Rice or naan?

Thinking about it, I haven’t been to an Indian for ages, and I’m getting all hungry translating this survey into naan awareness.

I’m naan all the way, especially as in Japan long-grain rice is a bit of a rarity, and Japanese native short-grain rice does not go well at all with Indian curry. Japan’s native “curry”, usually just a spicy stew, does work well with native rice, but even though I quite often eat it at home, I wouldn’t pay good money to a restaurant for it.

Here’s a random curry and naan from a random restaurant in Tokyo; although at first glance the photo could be from anywhere in the world, the wet towel, the bill on the table, and the gum syrup for the ice coffee, perhaps, in the metal tumbler all point to Japan:

Dal Curry + Cheese naan @ Shanti @ Komagome

Majority of Japanese kids have dinner without father

The free infant care magazine miku recently published a survey titled preventing second-hand smoke, although most of the survey was actually about mealtimes.

This summer I’d be in the “other” category for breakfast. I’m usually toast in winter, cereal in summer, but this year I’m on energy bars.

Here’s a typical traditional Japanese breakfast, although this typical of what is served at traditional inns; I don’t know how many of the 40% who eat rice-centric breakfasts actually eat something as grand as this:

手作りの豆腐や, 天日干しの網代干物, 定番の温泉卵, 朝食, リーズナブル 舟盛プラン, 磯の宿 まきた, 磯の宿, 熱海温泉, 熱海, 日本, Breakfast, Atami, Japan

Three in four Japanese like okonomiyaki and takoyaki

The two soul foods of the west of Japan are okonomiyaki, a sort-of savoury pancake, and takoyaki, a ball of dough with octopus testicles inside. This survey from @nifty looked at what the whole country thinks of okonomiyaki and takoyaki.

I love okonomiyaki; it’s great on a hot summer’s evening in front of blazing hot plate with an ice-cold beer or three. My first few years in Japan I ate it at least twice a week at a local shop, as it was one of the few easy vegetarian meals even with little language, as they cook everything right in front of you.

I’ve never had takoyaki, however. It always smells too strong for me, and the dancing fish flakes look quite unappetising!

Okonomiyaki: mayo and ginger top it off -- ready to eat!

Pak chi (cilantro) disliked by almost half the Japanese

This survey from @nifty looked at Chinese and other Asian dishes.

I’ve not tried much Chinese food in Japan, but it does have the image to me of being like the cheap carry-outs I remember from Scotland. I’ve not tried much Korean either, but I’ve at least had a reasonable number of the South-East Asian dishes.

There’s a Bamiyan Chinese restaurant just one minute walk from my house, but I won’t go in: it’s half smoking with very little separation, and anyway, I have some degree of misophonia, with noodle slurping being my biggest pet hate (excessive plastic bag rustling in the train is another), so I couldn’t possibly enjoy any food.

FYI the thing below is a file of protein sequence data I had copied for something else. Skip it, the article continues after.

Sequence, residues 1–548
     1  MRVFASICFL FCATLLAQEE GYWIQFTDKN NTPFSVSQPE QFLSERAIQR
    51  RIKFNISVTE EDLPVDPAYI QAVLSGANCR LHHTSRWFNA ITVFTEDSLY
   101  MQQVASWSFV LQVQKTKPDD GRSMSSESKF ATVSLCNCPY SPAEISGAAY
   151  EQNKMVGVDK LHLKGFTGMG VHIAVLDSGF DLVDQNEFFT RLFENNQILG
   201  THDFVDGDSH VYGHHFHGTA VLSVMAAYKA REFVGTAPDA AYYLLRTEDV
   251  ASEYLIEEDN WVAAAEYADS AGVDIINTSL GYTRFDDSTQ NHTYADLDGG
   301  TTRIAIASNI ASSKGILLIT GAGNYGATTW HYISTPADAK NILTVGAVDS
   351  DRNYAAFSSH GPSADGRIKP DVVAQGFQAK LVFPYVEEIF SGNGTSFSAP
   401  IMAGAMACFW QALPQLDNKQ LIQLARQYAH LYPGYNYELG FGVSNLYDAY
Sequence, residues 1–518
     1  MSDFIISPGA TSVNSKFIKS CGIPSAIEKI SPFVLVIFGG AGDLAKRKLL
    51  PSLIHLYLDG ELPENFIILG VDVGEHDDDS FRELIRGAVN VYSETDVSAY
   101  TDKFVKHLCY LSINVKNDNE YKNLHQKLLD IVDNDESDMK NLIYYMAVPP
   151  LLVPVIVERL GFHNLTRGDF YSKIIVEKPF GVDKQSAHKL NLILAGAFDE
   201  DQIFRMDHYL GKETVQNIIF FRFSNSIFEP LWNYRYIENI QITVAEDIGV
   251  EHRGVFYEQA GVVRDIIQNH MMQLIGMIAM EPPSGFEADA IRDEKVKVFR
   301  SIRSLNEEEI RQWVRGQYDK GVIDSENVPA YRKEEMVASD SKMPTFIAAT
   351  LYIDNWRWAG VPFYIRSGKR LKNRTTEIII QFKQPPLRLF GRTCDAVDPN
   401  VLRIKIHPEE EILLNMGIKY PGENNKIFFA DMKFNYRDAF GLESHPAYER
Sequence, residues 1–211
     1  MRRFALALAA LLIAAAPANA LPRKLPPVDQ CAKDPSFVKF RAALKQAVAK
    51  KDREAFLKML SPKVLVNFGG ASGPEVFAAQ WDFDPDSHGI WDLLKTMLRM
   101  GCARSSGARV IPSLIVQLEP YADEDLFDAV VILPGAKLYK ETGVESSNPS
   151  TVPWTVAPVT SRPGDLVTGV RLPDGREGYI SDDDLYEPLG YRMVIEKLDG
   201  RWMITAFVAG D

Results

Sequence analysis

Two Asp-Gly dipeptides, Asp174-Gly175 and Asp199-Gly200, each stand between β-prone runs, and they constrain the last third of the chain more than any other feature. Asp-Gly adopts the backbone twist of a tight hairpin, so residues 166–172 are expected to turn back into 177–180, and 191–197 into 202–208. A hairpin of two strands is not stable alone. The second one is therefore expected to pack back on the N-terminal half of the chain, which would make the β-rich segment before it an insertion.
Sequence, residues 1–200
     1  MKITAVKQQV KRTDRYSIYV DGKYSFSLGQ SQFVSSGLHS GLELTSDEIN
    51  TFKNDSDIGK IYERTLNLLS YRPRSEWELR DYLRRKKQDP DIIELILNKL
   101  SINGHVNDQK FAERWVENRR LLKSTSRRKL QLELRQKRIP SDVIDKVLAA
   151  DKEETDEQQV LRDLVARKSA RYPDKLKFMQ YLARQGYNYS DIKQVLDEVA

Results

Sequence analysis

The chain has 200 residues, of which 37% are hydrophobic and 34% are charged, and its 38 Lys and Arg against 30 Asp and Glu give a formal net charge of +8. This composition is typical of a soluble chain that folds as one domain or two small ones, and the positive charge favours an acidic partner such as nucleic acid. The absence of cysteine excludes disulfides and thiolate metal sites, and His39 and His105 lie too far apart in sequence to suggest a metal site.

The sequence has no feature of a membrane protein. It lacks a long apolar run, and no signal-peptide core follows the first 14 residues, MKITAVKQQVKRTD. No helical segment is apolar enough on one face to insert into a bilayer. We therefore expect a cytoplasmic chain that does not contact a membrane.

I rather like pak chi; I think the first time I encountered it was a Vietnamese restaurant in Shinjuku, and since I’ve also had pak chi crisps (nice!) and pak chi lemonade, which was interesting.

Here’s some random gyoza:


Bad table manners in others that Japanese cannot abide

goo Ranking recently published a survey looking at which bad table manners in other people just cannot stand.


The survey was conducted from the 24th to the 27th of December 2013, and 1,076 people completed a private web-based questionnaire. Note that the score in the results refers to the relative number of votes for each option, not a percentage of the total sample.

Here’s a random foreigner doing a number 10 and perhaps 20 too, as the middle finger looks a bit out of alignment.

Pretty much all of them annoy me to a certain exten; on the other hand, I can also be guilty of 3, 4, both 12s, and 17, although since 17 is a no-no in the west, it’s a difficult habit to break.

Gurunavi and Tabelog Japan’s top restaurant sites

What is most useful reference for restaurant info? graph of japanese statisticsjapan.internet.com recently reported on a survey by goo Research into eating and drinking establishment usage, with this article focusing on web sites used for getting such information.


Between the 19th and 23rd of April 2013 1,098 members of the goo Research online monitor group completed a private internet-based questionnaire. 53.6% of the sample were male, 13.4% in their teens, 15.1% in their twenties, 21.3% in their thirties, 17.6% in their forties, 15.2% in their fifties, and 17.4% aged sixty or older.